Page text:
Mexican Peso Slide Will Continue



While USD is wrapping up its best week in a year the MXN peso has taken a continued beating
Investors are worried if and how Trump policies could effect exports from Mexico, the No. 2 economy in 
Latin America, driving the peso lower and creating expensive money for Mexico. 


USD MXN


While the Peso hit an all time low, Mexico's 30-Year bond had a spike. So far credit ratings have not been effected, but it is too early to tell. Mexico's credit rating was moved to negative in March of this year by Moodys, moving down from stable. Moody's did not mention the US election as a risk but stated: "Subdued economic performance and continued external headwinds will challenge the government's fiscal consolidation efforts and increase the risk that rising debt ratios will not stabilize over the rating horizon."

 MXN 30-Year Bond


Meanwhile the peso slid against the Israeli Shekel (ISLMXN) and the Singapore Dollar. While both pairs are a tad exotic, it is significant and fully represenative of the global slide of the Mexican Peso. 
 
Israeli Shekel / Mexican Peso

Singapore Dollar / Mexican Peso




Mexican Peso margin requirments in Canada have increased, brought on by a loss in value and more risk. The IIROC (Investment Industry Regulatory Organization of Canada) released a statement today after the currency continued a negative streak incuding a 12% drop against the dollar over the past 48 hours.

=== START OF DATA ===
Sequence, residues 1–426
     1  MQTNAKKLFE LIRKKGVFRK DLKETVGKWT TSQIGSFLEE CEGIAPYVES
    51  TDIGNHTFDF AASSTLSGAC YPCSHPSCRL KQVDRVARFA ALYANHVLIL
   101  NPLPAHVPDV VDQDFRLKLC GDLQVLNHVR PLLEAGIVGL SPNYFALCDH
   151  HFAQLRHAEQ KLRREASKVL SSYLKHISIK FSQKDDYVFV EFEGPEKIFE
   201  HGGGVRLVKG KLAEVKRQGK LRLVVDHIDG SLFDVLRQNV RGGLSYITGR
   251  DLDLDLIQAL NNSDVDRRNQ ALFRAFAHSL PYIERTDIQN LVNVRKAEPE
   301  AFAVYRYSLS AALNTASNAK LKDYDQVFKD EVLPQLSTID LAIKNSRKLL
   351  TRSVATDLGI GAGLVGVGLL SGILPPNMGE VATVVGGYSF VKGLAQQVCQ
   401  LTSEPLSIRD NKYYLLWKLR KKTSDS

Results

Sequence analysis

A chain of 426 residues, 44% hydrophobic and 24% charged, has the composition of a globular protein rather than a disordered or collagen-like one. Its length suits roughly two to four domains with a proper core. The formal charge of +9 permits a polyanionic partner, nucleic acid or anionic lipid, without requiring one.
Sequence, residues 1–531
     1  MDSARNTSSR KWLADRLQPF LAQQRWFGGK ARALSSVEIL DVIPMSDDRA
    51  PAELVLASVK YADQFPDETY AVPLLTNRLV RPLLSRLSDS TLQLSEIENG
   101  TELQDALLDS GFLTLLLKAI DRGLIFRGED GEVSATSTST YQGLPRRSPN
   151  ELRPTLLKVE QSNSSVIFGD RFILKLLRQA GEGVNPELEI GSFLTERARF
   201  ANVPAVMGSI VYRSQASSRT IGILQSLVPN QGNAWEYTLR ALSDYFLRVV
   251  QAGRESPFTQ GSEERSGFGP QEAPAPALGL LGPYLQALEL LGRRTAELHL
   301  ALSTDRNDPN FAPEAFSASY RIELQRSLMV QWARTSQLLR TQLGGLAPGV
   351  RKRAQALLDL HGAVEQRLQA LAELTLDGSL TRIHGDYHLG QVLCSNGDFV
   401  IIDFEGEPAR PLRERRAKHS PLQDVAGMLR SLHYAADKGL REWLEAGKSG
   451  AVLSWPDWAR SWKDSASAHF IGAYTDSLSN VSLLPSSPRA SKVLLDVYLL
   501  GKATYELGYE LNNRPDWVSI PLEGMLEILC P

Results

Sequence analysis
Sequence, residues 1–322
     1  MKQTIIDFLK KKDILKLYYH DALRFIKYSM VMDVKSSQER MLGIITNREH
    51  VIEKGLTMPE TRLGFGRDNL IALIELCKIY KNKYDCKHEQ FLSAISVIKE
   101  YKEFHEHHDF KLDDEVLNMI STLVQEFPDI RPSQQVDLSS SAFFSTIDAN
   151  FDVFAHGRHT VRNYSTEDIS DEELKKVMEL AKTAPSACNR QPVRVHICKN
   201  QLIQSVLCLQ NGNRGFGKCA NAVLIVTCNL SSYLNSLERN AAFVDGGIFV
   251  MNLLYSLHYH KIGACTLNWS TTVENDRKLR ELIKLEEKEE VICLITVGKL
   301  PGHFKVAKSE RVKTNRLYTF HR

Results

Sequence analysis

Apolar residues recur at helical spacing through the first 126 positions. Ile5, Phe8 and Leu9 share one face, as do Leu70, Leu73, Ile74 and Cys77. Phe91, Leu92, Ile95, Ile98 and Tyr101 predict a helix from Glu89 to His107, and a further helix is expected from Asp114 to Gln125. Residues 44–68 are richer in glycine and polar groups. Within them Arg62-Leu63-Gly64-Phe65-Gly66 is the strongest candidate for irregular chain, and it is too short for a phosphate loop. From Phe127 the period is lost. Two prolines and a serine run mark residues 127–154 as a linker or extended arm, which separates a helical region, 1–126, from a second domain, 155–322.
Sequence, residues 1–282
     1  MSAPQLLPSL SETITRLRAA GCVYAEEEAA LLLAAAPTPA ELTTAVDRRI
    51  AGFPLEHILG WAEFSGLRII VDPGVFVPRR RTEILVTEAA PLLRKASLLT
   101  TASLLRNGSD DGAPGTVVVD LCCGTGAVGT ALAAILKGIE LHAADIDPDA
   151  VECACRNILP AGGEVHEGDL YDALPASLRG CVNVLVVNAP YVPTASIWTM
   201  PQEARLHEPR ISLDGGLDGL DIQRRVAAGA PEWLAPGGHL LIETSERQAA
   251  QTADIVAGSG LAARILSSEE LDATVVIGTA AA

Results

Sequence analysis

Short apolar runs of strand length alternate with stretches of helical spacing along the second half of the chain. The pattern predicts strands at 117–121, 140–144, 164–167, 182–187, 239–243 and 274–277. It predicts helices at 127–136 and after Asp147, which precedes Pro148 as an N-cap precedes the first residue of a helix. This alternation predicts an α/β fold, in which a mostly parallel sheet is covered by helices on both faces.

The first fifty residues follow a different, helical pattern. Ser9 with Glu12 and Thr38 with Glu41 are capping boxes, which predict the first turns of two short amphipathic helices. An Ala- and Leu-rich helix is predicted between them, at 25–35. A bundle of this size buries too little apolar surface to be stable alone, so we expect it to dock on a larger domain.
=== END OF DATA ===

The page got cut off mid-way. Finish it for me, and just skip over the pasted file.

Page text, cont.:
Much of the concern is from uncertainty. If Trump dismantles NAFTA the peso will stay supressed. However, this is too early for analysis and is pure speculation at this point. NAFTA could be renegotiated but many of the current business is locked in with public companies and North America's precious (but flawed) GDP measurements.
 
T.P.P. could continue without the U.S and Mexico could join trade talks with other sovereigns so as to avoid negative speculation and continued pressure on their economy. Trump is against the T.P.P agreement and Mexico stands to benefit heavily from the 12-country deal, comprising the United States, Singapore, Australia, Brunei Darussalam, Canada, Chile, Japan, Malaysia, Mexico, New Zealand, Peru, and Vietnam. The Ag industry wants T.P.P. but Trump and his GOP cohorts are against it. It will not happen during the lame duck session, meaning it will not be brought up this year. It is no secret that Mexico was counting on the continued success of NAFTA and the development and deployment of the T.P.P. deal, these outlooks will sideline immediate GDP growth and continue uncertainty for the Mexican economy.